MBA Students Look for More Social Media

October 10, 2011 · Leave a Comment 

New surveys have unveiled that a whopping 85 percent of prospective MBA students use social media to research their top choice programs and universities, and 71 percent of enrolled students claim to use social media for their school research. Another 99 percent of prospective business school applicants agree that social media was either a “necessity in every field of study” or “somewhat important depending on the field of study”.

Admissions Take Note

This is a wake-up call to graduate schools admissions, because 14 percent of prospective students report that they are disappointed with their school choices’ use of the technology, and 63 percent want social media incorporated into recruitment processes more. Although many schools already use social media to reach out to students, it’s falling flat for social media hungry prospectives. Additionally, using social media as an outreach tool has immense potential, and allows the conversation between student and school to be more two-sided; and will certainly serve the interested potential applicant far better than just getting a pamphlet in the mail.

Students Demand More

This is also a sign for graduate school curricula. It shows how important social media is becoming in many, if not all, industries. Today, social media training is in higher demand than ever before, and schools are responding. More and more courses are being added in many business schools, including some of the most prestigious, such as Harvard, Stanford, Columbia and New York University. One of the recently instituted courses, “Social Media for Brand Managers” at NYU, actually maxed out its capacity at registration, illustrating the high demand for similar courses.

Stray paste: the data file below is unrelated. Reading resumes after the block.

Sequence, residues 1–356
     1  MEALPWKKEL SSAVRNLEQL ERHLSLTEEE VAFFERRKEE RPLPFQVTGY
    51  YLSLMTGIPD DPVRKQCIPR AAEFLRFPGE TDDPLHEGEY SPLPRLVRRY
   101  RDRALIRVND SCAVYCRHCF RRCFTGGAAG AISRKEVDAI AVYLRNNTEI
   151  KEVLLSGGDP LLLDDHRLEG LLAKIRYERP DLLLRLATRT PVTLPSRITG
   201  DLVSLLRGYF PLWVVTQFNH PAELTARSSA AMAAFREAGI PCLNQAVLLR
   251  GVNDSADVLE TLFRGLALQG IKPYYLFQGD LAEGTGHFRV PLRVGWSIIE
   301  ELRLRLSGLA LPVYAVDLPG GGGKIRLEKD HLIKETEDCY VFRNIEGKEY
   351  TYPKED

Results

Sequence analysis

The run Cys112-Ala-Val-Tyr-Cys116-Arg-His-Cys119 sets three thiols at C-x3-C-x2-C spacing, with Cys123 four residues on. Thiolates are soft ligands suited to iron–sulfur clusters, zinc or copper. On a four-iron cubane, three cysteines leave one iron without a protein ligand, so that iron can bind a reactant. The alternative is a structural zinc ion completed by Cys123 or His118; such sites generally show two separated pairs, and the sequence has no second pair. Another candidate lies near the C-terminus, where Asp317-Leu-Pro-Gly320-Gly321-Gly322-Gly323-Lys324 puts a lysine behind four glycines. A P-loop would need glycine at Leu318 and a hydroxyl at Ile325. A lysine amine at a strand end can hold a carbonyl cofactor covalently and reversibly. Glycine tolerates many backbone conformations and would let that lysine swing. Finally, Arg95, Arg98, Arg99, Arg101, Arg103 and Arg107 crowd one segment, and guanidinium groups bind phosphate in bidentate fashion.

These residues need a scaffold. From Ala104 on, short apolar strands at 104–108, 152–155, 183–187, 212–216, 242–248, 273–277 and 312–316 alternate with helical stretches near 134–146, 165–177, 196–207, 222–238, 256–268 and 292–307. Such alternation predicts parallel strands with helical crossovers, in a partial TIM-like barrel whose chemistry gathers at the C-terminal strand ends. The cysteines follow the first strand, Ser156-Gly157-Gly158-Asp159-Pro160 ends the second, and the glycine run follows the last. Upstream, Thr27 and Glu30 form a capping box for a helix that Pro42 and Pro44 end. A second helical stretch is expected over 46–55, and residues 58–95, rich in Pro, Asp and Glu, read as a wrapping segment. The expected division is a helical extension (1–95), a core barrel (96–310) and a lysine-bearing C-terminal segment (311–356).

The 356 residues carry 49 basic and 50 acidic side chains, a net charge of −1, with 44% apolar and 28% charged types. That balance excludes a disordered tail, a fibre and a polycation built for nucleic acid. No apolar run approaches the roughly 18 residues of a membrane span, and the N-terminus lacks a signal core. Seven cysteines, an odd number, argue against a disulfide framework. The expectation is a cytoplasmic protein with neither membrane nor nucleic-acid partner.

Many students are demanding this training because they can see the marketplace is changing, and schools need to respond. For example, today’s branding has become less of broadcasting a single message, and more of an interactive, communicative relationship between the brand and the consumer. Christine Eberle, a contributor to The Social Media Management Handbook, states how “businesses must learn how to use social media to start a two-way conversation with their customers and potential customers… those companies will look for that leadership among business school graduates.”

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